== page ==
On his second solo album Tradition, Stuart Mason draws deeply from his West Virginia heritage with deft instrumental work and evocative vocals. Aided by a short roster of like-minded players, he finds something both compelling and personal in this setlist of dark mountain ballads, haunting gospel tunes and lively instrumental numbers.

Tradition marks a kind of musical homecoming for this veteran folk artist. “I dearly love the old songs,” he says. “My sources range from North Carolina fiddler Joe Thompson to Missouri collector Max Hunter and Midwestern blues man Charlie Parr. I would consider most of these songs to be standards in the old time music world. My goal was to capture my own arrangements of some of the classic chestnuts that I’ve been singing for years.”

Mason’s choice of instrumentation has a big impact. “The defining sound on this album is that of my fretless tackhead banjo,” he says. “I like its mellow tone and lower-pitched tuning. Long-time fans who are accustomed to hearing me play my old Martin axe and Gibson 1918 mandola will hear that, too. I use Tom Waitsian studio effects like telephoned vocals and stomping feet. On one track, I clacked a set of deer antlers to the beat, because it sounded good to me. I just try to listen to what the song calls for, rather than try to fit into any formula.”

Along with co-producer Ryan Davidson (who also contributed bass fiddle and harmonica), Mason enlisted fiddlers Gary Arcemont and John Weed, slide guitarist Tony Furtado, mandolinist Kenny Blackwell, tinwhistle player David Brewer and vocalist Amber Cross to give the album an authentically rustic yet finely honed patina. From the weathered Appalachian feel of “Red Rocking Chair” and “Oil in My Vessel” to the jazz-tinged simmer of “Rattlesnake” and the jaunty country spirit of “All the Good Times Are Past and Gone,” Mason and his bandmates freely range across moods and eras with an adventuresome spirit.

Tradition reflects Mason’s desire to find new ways to express his abiding love for vintage American sounds. Now a resident of California’s Central Coast, he has won awards for traditional singing (Goleta Old-Time Fiddler’s Convention), mandola (Topanga Banjo and Fiddle Contest) and songwriting (West Coast Songwriter’s Association). As part of ensembles like Molly’s Revenge and Little Black Train or on his own, his work always reflects both his roots and his vision.

“I use the word ‘oldternative’ to describe what I do,” Mason says. “What if you went back to that good old rural repertory and modernized it without the homogenizing influences of bluegrass and Nashville country? That’s what I’m exploring. To me, old is the new alternative.”

It’s the oldternative approach that makes Tradition a vivid reimagining of the American musical past.

‘Tradition’ Now Accepting Preorders!

Native Home Music is now accepting preorders for the new album from Stuart Mason. Tradition is a familiar foundation for the veteran singer and multi-instrumentalist from West Virginia, and Tradition is the name of the record, which is set for release on May 26, 2015. On this date, digital preorders will be released and hard copies will be available for purchase online. PREORDER HERE.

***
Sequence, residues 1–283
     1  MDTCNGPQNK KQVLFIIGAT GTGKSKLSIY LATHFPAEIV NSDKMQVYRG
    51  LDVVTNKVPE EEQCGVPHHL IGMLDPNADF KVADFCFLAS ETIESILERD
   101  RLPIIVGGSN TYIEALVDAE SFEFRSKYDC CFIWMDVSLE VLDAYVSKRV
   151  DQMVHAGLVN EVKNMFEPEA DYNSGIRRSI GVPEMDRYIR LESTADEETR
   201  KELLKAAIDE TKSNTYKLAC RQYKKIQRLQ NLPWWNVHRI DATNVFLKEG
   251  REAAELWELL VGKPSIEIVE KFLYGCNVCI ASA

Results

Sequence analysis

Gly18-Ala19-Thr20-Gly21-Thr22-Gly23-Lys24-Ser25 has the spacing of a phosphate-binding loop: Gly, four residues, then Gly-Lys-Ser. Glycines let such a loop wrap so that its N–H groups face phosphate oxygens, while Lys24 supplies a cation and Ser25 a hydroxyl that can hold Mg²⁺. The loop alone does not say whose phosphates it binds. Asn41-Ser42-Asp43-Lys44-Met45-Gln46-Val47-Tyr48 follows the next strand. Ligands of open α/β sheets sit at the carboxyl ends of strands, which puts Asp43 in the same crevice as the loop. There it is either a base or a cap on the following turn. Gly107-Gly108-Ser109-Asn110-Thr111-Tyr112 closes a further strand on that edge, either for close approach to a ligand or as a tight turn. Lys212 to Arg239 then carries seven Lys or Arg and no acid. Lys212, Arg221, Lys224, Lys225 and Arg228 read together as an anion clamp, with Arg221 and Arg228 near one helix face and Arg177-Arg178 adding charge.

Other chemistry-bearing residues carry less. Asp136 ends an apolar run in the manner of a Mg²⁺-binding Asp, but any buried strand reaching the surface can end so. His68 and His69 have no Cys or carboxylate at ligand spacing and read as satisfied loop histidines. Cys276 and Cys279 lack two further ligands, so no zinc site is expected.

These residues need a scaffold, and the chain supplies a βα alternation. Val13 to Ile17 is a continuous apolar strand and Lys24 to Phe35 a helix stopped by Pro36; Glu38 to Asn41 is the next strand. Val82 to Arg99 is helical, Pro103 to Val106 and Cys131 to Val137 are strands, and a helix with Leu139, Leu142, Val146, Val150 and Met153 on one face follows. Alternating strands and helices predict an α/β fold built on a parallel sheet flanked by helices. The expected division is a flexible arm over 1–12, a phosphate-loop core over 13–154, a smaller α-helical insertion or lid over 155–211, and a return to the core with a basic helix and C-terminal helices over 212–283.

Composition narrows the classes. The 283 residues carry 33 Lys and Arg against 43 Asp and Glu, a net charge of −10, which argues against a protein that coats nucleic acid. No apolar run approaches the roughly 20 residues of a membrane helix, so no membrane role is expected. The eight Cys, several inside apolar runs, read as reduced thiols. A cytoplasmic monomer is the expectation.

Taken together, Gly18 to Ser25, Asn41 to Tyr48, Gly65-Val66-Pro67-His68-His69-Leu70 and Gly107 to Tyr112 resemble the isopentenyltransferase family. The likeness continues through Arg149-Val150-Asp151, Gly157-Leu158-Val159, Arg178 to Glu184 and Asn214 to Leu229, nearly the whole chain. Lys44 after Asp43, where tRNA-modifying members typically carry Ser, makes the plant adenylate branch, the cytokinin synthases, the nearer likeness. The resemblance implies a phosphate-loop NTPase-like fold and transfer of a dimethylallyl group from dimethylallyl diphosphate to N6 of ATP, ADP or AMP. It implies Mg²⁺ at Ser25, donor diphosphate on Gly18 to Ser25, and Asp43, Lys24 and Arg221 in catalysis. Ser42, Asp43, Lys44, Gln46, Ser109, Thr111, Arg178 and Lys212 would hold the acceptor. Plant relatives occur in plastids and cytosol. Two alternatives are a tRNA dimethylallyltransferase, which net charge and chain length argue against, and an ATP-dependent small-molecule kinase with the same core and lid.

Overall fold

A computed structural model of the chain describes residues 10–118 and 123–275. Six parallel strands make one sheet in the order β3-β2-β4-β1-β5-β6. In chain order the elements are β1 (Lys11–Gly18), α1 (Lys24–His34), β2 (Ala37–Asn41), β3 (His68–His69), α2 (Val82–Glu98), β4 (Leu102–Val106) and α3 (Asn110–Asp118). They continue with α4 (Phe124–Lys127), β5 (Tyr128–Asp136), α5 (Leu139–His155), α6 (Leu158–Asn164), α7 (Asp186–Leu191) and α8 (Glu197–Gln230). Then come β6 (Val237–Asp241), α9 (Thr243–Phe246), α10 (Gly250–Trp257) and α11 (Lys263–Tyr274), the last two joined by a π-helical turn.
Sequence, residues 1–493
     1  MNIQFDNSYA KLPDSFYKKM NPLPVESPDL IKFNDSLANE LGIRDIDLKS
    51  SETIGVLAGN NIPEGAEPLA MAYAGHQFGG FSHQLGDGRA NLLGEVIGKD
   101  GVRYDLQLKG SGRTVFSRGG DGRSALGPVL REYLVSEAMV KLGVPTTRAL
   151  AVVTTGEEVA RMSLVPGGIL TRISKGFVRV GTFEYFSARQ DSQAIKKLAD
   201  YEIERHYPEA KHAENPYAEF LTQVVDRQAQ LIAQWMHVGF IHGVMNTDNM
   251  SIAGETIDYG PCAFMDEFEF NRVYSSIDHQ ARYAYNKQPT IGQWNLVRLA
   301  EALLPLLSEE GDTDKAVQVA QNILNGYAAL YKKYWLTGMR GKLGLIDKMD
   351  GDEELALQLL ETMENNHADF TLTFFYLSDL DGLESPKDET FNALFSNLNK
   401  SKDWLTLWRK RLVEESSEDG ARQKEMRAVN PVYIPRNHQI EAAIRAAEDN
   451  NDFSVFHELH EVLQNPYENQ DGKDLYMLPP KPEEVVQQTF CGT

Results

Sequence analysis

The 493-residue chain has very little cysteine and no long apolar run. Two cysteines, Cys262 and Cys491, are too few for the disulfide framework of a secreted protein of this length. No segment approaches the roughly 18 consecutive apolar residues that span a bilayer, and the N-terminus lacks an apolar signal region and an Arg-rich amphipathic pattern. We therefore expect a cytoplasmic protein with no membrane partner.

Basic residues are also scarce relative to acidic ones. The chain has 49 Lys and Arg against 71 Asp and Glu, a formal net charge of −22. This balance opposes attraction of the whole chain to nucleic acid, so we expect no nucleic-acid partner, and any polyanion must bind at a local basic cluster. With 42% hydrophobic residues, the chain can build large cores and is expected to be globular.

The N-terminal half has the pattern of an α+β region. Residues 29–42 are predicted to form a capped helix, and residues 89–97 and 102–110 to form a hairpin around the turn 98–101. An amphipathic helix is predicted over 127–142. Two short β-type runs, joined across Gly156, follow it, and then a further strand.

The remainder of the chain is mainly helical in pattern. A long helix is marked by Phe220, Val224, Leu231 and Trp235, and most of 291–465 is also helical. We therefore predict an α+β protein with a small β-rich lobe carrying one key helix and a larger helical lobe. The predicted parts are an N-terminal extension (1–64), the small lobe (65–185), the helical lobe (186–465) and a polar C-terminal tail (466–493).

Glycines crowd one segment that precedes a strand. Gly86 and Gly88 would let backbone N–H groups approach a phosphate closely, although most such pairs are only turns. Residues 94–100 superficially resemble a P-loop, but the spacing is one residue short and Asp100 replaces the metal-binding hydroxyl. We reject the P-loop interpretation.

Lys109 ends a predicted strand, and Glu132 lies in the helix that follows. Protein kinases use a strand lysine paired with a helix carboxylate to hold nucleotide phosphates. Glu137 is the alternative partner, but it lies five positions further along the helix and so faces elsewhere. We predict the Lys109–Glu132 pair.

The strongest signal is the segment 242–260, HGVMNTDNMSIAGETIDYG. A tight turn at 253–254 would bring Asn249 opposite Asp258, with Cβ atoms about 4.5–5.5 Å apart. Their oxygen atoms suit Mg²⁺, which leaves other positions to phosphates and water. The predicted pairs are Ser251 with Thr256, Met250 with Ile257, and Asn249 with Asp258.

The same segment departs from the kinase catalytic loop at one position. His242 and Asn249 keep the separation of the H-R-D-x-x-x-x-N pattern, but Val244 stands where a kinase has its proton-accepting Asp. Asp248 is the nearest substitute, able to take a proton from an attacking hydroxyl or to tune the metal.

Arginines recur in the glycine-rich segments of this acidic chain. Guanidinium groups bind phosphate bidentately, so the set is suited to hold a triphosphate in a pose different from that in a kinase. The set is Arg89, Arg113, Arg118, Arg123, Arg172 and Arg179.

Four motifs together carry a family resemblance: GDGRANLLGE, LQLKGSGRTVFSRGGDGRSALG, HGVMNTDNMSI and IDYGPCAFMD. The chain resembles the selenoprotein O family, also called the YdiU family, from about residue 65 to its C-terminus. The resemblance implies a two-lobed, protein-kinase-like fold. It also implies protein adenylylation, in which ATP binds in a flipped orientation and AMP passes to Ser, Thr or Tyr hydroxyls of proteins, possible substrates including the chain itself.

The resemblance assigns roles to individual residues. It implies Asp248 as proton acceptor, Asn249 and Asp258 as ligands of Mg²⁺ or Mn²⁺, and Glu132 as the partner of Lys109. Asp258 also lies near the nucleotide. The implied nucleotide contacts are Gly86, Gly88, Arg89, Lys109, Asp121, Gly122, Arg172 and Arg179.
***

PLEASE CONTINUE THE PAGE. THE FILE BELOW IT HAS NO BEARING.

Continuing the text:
Stuart has adapted a bevy of old chestnuts to his fretless tackhead banjo, an instrument that evokes the sound of 19th century America, while updating the vintage repertory with a thoroughly modern aesthetic. He also plays his beloved 1918 Gibson mandola, as well as acoustic guitar on this record. His connections to the folk community helped him build a solid team: co-producer Ryan Davidson on bass fiddle and harmonica, Tony Furtado on slide guitar, Amber Cross on vocals, Gary Arcemont and John Weed on fiddles, Kenny Blackwell on mandolin, and David Brewer on tinwhistle. Stuart and Ryan arranged 15 pieces for this project, ranging from classic standards such as Red Rocking Chair (from Dock Boggs) to more obscure songs such as Kenny Wagoner Surrender (from Ozarks collector Max Hunter), and settings that marry lyrics and melody in new ways.

Stuart Mason is known for his authentic vocals and nimble skill on guitar, mandola, and banjo. The long-time guitarist for Molly’s Revenge and other West Coast folk bands was born in West Virginia, grew up in Ohio and brought the music of the mountains with him when he migrated westward. He has won awards for traditional singing (Goleta Old-Time Fiddler’s Convention), mandola (Topanga Banjo and Fiddle Contest), and songwriting (West Coast Songwriters Association).

“Old Is the New Alternative” Tour

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Little Black Train
“Old Is the New Alternative” Tour
April 2015
4/4/14 San Luis Obispo, CA
4/8/15 Redding, CA
4/9/15 Bend, OR
4/10/15 Portland, OR
4/11/15 Tualatin, OR
4/12/15 Mill City, OR

“An adventure through the landscape of traditional American music… as vast and diverse as the country itself.” –Caleb Klauder, Foghorn Stringband

Visit http://littleblacktrain.com/shows.shtml

Celtic Music Night in Aptos

Tuesday March 10, 7pm
St Andrew Church: 9850 Monroe Ave. Aptos, CA

Stuart Mason
Stuart Mason

Stuart will be joined by John Weed on the fiddle. Stuart has been hard at work on a solo album called “Tradition” due out this May featuring a bevy of old American songs on his unique fretless slothead tackhead banjo, as well as his beloved 1918 Gibson mandola. On the new album, he evokes the sound of 19th century America, while updating the vintage repertory with a thoroughly modern aesthetic.

As is tradition, these fun-filled evenings coming this March will include a bagpipe procession, concert of music by a featured special guest artist, Q&A with the group, complimentary refreshments, and an open Celtic music jam session with the players afterward, so bring your instruments, questions, and good vibes– and ALL of this is ALL ages, and ALL for a nominal donation of any size at the door. So MARK YOUR CALENDARS NOW and when the time comes, grab your friends, family, instruments, and head out to Aptos for a good time the way nature intended.

celticmusicnight.com